Ever since Colin Firth's dashing Mr Darcy emerged from a lake in a wet shirt, we can almost forgive first-time readers for mistakenly believing they'll find such a hero in Jane Austen's Pride and Prejudice.
The notorious lake scene, which first aired 20 years ago tomorrow, was the brainchild of screenwriter Andrew Davies. He actually wanted Firth naked, but was overruled by a prudish BBC. Instead, a fully-clothed Darcy exuded bottled-up desire for the heroine, with just a bucket's worth of water and a few words. Davies wrote many things into the script to sex it up, but it was Firth's withering looks at Jennifer Ehle's Elizabeth Bennet, or “Lizzy”, that really melted viewers. Whether we credit Davies, Firth, or both, most would agree that the 1995 BBC series was the origin of “Sexy Darcy”.
History suggests otherwise. Davies wasn't the first Austen adapter to capitalise on Darcy's pent-up yearnings, and Firth wasn't the first actor to emphasise erogenous zones. To be sure, more than a century of two- and three-dimensional Darcys included some who had neither good looks nor charisma, but it also included smoulderers who left their mark on audiences.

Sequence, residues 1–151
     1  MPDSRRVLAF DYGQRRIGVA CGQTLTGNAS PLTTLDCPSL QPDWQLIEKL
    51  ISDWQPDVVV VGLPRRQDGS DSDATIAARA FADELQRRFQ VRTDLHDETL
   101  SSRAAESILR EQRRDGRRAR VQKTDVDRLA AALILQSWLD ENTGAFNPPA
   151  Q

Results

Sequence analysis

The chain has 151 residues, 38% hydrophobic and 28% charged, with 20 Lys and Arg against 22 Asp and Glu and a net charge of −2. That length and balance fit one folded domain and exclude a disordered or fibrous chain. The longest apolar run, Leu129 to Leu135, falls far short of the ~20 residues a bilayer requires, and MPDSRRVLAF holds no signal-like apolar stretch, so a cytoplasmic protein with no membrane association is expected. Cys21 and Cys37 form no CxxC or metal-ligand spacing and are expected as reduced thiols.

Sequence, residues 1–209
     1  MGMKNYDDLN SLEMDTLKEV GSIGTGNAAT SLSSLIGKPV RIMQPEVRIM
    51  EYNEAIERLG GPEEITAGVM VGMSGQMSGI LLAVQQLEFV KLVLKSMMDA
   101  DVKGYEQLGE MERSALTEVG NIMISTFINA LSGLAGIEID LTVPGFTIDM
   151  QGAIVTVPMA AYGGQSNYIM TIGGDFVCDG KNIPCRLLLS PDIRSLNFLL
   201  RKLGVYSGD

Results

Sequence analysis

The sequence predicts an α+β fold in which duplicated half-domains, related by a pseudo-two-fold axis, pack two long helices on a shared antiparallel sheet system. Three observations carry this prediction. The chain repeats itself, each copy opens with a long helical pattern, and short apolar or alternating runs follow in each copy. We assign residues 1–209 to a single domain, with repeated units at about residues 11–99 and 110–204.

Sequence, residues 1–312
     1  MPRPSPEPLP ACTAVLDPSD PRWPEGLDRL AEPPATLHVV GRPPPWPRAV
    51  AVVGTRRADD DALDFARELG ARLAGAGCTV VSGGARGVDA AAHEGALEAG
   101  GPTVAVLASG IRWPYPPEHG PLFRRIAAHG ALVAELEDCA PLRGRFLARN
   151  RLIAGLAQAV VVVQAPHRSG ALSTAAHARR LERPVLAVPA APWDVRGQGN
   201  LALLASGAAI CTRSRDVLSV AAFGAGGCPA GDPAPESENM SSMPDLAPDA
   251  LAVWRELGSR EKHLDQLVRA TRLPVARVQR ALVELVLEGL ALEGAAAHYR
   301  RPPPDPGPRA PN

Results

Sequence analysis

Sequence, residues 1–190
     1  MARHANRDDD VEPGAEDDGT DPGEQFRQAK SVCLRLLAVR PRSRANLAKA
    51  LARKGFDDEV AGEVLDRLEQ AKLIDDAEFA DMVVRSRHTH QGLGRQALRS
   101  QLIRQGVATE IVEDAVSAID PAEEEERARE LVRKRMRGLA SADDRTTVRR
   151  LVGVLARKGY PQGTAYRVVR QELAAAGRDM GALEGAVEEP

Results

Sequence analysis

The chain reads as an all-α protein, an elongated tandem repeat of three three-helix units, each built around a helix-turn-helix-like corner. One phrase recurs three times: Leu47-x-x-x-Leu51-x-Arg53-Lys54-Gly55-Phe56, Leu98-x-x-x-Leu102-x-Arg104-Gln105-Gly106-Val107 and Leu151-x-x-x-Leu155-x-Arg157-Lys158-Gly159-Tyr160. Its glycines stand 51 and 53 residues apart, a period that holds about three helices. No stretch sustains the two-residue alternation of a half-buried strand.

In the beginning, Fitzwilliam Darcy was peripheral to retellings of Pride and Prejudice. That may stem from Austen's novel itself, which famously keeps readers in the dark about his physical appearance and stirrings of desire.
Oddly, that situation continued even after an illustrated edition in 1833. Its images depicted Lizzy, Mr Bennet, and Lady Catherine de Bourgh, but never Mr Darcy. Perhaps everyone knew what “£10,000 a year” looked like.
In subsequent editions, Darcy was rarely a tantalising specimen of manhood. Artists gave him a receding hairline, a protruding belly, or a crooked nose. Noted illustrator Hugh Thomson drew a more fetching version in 1894 – younger, more dapper, with gorgeous hair and a well-turned leg – but all that seems inscrutably foppish. Early playwrights followed suit, putting audiences in the same emotional position as Elizabeth, at first despising a flat, rather uncolourful would-be hero. The plays' big reveal at the end showed Darcy to be likeable and marriageable – if they showed him at all. Pride and Prejudice was first adapted in short scenes designed for drawing rooms or schools, most of which relegated Darcy to an offstage idea.